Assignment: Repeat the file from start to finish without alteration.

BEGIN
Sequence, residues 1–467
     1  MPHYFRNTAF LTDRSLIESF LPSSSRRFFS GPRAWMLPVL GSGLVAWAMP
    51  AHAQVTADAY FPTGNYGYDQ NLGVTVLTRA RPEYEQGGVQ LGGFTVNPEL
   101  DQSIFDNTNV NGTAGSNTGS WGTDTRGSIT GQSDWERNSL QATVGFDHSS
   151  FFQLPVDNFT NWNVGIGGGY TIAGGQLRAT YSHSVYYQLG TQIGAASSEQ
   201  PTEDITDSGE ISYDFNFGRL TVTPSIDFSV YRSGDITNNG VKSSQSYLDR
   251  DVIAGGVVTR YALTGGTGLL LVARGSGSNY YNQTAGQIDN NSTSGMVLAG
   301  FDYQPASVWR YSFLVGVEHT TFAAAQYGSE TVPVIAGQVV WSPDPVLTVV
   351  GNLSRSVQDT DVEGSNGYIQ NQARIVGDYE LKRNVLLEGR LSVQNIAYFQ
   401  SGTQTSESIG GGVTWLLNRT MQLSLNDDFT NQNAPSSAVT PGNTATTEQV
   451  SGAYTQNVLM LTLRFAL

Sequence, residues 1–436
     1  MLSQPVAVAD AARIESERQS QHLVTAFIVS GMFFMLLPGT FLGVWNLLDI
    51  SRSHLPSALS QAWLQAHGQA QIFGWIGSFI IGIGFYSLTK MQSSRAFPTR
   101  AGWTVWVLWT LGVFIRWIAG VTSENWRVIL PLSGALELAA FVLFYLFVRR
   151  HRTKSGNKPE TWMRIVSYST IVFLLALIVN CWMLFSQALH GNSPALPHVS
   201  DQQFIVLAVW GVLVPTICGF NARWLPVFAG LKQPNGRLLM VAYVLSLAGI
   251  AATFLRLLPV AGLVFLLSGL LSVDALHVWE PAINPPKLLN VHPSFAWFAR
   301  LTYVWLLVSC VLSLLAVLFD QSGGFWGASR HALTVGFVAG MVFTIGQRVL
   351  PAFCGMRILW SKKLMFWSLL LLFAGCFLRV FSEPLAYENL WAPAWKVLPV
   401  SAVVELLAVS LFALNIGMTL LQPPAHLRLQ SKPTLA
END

Sequence, residues 1–467
     1  MPHYFRNTAF LTDRSLIESF LPSSSRRFFS GPRAWMLPVL GSGLVAWAMP
    51  AHAQVTADAY FPTGNYGYDQ NLGVTVLTRA RPEYEQGGVQ LGGFTVNPEL
   101  DQSIFDNTNV NGTAGSNTGS WGTDTRGSIT GQSDWERNSL QATVGFDHSS
   151  FFQLPVDNFT NWNVGIGGGY TIAGGQLRAT YSHSVYYQLG TQIGAASSEQ
   201  PTEDITDSGE ISYDFNFGRL TVTPSIDFSV YRSGDITNNG VKSSQSYLDR
   251  DVIAGGVVTR YALTGGTGLL LVARGSGSNY YNQTAGQIDN NSTSGMVLAG
   301  FDYQPASVWR YSFLVGVEHT TFAAAQYGSE TVPVIAGQVV WSPDPVLTVV
   351  GNLSRSVQDT DVEGSNGYIQ NQARIVGDYE LKRNVLLEGR LSVQNIAYFQ
   401  SGTQTSESIG GGVTWLLNRT MQLSLNDDFT NQNAPSSAVT PGNTATTEQV
   451  SGAYTQNVLM LTLRFAL

Sequence, residues 1–436
     1  MLSQPVAVAD AARIESERQS QHLVTAFIVS GMFFMLLPGT FLGVWNLLDI
    51  SRSHLPSALS QAWLQAHGQA QIFGWIGSFI IGIGFYSLTK MQSSRAFPTR
   101  AGWTVWVLWT LGVFIRWIAG VTSENWRVIL PLSGALELAA FVLFYLFVRR
   151  HRTKSGNKPE TWMRIVSYST IVFLLALIVN CWMLFSQALH GNSPALPHVS
   201  DQQFIVLAVW GVLVPTICGF NARWLPVFAG LKQPNGRLLM VAYVLSLAGI
   251  AATFLRLLPV AGLVFLLSGL LSVDALHVWE PAINPPKLLN VHPSFAWFAR
   301  LTYVWLLVSC VLSLLAVLFD QSGGFWGASR HALTVGFVAG MVFTIGQRVL
   351  PAFCGMRILW SKKLMFWSLL LLFAGCFLRV FSEPLAYENL WAPAWKVLPV
   401  SAVVELLAVS LFALNIGMTL LQPPAHLRLQ SKPTLA